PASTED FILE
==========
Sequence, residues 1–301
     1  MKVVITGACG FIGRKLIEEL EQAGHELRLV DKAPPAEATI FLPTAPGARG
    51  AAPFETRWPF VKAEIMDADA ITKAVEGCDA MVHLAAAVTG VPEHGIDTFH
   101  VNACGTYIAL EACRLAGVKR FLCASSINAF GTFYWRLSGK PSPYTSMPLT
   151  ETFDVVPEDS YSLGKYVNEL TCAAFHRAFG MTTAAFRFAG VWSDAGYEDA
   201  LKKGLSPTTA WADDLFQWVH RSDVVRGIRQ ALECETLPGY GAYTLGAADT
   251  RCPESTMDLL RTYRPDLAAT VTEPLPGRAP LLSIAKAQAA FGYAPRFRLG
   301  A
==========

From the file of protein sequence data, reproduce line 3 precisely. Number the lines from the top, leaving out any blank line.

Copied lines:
    51  AAPFETRWPF VKAEIMDADA ITKAVEGCDA MVHLAAAVTG VPEHGIDTFH